Dizziness is both common and uncomfortable. When you experience dizziness, you might feel lightheaded, woozy, or unsteady. This is not the same as feeling as though things are spinning or moving, which is called vertigo. The terms dizziness and vertigo are often treated as though they are the same sensations, but they are different. Dizziness refers to any feeling of lightheadedness or like your balance is off. Vertigo, on the other hand, is uniquely a spinning sensation, as if you or your surroundings are moving.
According to the Cleveland Clinic, about half of all adults see their healthcare providers at some point for concerns about dizziness. Fortunately, dizzy spells are typically temporary, and rarely the sign of a serious medical condition.
Causes of Dizziness
But what causes dizziness? Dizziness can have many different causes, including:
- Changes in body position (such as sitting up quickly)
- Substance use
- Medication side effects
- Overheating and dehydration
- Low blood sugar
- Medical conditions that affect the inner ear
- Other medical conditions (e.g., vision, cardiovascular, neurological conditions)
The Link Between Anxiety and Dizziness
It may be surprising to learn that anxiety can be a cause of dizziness. The reason anxiety can cause dizziness involves the “fight-or-flight response.”
When you sense a threat, the fight-or-flight system is triggered. This leads to a number of physiological changes that prepare your body to escape from danger. Although these changes evolved to help us survive, they also feel pretty uncomfortable (especially if we don’t see any obvious danger). One of those uncomfortable sensations is dizziness. The fight-or-flight response makes breathing get faster and shallower, which is great for running to escape a threat. It also leads to hyperventilation –your body is taking in oxygen faster than it can use it up, and expelling carbon dioxide faster than it’s produced. This imbalance in the gases in your bloodstream can make you feel dizzy.
But just as anxiety can cause dizziness, dizziness can also increase anxiety. If something makes you dizzy, and particularly if the dizziness catches you off guard or makes you worried, it can increase feelings of anxiety and fear. In fact, this chain of events can contribute to panic attacks.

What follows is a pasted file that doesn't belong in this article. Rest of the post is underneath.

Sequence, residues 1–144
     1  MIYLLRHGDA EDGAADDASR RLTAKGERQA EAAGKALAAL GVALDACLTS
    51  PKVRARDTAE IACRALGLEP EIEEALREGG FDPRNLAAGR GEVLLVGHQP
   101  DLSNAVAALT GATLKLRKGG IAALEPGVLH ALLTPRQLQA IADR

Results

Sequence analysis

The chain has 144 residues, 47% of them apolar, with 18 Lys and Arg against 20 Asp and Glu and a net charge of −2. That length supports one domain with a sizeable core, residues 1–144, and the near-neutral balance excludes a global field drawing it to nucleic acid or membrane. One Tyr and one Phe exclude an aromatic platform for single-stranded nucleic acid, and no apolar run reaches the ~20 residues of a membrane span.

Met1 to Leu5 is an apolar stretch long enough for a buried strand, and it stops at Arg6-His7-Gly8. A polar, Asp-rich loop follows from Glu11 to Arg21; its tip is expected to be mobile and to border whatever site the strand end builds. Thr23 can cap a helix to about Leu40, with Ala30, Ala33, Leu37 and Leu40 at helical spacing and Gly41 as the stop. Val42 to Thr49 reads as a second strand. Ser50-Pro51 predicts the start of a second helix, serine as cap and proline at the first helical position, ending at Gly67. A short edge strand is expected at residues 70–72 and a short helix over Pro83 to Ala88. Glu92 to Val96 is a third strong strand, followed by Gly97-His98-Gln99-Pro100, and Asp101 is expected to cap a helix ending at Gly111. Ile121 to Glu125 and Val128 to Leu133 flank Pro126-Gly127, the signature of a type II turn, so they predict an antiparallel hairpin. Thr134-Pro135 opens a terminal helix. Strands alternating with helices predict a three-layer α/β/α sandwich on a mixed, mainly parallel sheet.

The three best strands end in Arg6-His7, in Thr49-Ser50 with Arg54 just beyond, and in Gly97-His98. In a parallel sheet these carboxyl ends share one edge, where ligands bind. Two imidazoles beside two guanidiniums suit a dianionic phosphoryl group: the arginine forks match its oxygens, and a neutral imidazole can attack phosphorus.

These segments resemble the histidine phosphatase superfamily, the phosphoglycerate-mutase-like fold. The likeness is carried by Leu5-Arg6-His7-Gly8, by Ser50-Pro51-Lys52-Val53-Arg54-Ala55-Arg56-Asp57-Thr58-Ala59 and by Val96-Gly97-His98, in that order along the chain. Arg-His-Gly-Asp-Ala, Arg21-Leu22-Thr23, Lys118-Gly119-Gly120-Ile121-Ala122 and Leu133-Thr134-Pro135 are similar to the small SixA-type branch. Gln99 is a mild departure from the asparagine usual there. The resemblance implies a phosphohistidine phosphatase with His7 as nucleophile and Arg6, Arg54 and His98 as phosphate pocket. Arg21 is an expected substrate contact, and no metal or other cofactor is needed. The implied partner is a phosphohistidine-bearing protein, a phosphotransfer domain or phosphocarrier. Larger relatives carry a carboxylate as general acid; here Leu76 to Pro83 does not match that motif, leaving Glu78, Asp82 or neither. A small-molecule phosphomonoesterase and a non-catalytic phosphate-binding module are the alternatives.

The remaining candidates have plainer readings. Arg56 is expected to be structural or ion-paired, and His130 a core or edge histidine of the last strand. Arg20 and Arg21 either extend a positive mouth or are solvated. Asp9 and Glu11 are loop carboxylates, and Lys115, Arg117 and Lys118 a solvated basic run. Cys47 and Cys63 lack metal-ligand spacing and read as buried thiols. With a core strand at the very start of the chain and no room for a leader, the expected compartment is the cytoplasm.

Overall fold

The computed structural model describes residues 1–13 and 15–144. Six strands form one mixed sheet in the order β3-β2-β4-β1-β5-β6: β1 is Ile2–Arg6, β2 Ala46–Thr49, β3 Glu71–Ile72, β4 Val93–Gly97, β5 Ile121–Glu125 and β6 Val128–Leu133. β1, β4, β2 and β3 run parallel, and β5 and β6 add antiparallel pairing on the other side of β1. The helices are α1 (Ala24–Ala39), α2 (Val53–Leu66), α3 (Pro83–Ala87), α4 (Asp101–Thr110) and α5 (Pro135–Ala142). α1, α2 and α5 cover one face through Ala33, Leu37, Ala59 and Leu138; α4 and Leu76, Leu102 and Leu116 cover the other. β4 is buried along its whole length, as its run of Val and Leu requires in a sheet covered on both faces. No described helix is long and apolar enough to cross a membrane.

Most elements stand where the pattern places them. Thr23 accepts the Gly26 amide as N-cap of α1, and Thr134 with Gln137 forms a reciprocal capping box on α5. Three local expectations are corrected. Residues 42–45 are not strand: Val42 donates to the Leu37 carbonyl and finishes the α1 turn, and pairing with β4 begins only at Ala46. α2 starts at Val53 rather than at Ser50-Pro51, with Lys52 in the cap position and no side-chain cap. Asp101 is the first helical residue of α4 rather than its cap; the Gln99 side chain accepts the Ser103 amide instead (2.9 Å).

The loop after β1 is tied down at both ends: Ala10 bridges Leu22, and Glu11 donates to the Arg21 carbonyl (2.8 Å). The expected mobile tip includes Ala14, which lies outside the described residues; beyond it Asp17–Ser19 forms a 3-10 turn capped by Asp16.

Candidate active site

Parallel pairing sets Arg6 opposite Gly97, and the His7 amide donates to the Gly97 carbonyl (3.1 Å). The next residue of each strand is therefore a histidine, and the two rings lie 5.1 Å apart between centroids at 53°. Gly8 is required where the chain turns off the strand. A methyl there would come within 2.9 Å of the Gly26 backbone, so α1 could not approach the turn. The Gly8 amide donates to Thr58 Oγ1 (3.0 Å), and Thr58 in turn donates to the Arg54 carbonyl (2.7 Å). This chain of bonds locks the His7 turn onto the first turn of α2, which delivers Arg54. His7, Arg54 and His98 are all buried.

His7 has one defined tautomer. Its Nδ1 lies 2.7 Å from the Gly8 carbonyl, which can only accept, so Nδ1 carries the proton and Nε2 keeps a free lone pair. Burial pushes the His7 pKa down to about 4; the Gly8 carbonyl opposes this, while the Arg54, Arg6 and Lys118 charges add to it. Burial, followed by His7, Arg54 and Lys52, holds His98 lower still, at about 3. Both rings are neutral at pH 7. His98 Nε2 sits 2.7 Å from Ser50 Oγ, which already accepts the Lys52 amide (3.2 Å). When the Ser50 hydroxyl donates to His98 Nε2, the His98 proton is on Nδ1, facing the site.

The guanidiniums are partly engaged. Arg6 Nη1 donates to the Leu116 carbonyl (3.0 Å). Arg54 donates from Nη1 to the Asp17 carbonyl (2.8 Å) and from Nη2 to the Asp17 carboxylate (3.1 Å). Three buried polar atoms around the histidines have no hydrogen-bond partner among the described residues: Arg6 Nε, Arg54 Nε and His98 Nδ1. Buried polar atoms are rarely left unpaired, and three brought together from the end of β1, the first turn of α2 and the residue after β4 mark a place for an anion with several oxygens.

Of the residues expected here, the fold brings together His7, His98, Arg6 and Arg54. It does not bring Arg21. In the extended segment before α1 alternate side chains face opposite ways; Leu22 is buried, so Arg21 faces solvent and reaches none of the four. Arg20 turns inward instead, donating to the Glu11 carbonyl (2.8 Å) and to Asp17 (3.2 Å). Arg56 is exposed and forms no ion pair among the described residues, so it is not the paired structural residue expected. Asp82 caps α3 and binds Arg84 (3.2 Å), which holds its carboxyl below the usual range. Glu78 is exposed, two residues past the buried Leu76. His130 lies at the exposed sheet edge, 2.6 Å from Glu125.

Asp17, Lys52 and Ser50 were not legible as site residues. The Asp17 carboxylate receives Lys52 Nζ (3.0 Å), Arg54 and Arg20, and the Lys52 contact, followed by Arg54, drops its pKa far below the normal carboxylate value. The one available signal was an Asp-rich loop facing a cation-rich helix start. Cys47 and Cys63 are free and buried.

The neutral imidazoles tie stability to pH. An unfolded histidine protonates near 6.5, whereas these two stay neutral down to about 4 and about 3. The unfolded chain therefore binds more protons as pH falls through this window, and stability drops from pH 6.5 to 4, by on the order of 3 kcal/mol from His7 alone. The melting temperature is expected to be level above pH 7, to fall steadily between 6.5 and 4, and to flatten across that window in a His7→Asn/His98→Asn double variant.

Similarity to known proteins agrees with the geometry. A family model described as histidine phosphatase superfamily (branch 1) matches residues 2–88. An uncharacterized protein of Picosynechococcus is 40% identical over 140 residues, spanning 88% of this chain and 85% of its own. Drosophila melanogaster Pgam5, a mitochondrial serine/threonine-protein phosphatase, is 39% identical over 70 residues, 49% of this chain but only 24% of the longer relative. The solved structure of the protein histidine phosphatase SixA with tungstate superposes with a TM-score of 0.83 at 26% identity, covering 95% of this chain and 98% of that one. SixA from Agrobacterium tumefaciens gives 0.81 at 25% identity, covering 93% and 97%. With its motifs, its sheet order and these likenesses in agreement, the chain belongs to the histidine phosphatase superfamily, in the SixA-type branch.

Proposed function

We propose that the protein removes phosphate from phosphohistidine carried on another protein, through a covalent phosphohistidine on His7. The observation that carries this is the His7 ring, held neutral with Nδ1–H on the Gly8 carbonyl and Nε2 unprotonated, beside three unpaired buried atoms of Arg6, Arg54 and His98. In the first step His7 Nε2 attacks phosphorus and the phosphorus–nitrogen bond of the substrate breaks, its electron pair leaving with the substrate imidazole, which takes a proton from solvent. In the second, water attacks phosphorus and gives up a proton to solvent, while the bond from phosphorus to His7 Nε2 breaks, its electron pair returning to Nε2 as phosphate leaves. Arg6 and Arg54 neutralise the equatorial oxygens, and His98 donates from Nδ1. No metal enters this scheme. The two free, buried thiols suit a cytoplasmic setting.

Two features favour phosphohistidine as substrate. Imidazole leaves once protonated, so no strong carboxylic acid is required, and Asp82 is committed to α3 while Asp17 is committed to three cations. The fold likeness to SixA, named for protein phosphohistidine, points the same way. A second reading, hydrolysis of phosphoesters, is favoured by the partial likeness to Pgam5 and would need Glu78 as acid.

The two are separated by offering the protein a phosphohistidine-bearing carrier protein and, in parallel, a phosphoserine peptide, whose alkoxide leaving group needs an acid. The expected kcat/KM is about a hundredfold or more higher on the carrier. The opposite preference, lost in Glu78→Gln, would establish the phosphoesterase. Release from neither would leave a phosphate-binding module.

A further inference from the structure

How Anxiety Prolongs Dizziness Over Time
Ongoing or long-lasting dizziness may be caused by anxiety, and anxiety about dizziness can make the dizziness even worse. When something makes you anxious, it’s natural to start paying it more attention and focusing on it. But anxiously paying attention to sensations in your body can make it easier to feel like a feared sensation is present. For example, if you’re anxious about dizziness and subtly scanning your body for signs of feeling dizzy, you may actually bring on more anxiety and dizzy spells. Because anxiety and dizziness are linked, they can reinforce one another in a feedback loop.
CBT Treatment for Anxiety and Dizziness
Given the list above of the many things that can cause dizziness, it’s important to first see a physician to make sure your dizziness isn’t due to a medical condition.
If your dizziness doesn’t seem to have a medical cause, or treating any medical conditions doesn’t treat your dizziness fully, treatment for anxiety might be helpful.
In cognitive-behavioral therapy (CBT), clinicians help patients learn and practice a variety of skills for improving mood and wellbeing. CBT uses several proven tools to treat anxiety and dizziness, including:
- Changing your thought process
- Altering your responses to feeling dizzy, which can help reduce anxiety
- Helping you become less reactive to uncomfortable bodily sensations like dizziness
When used together, these CBT techniques can break the cycle that keeps anxiety and dizziness going. Working with a CBT therapist can help you find some relief from these challenging issues.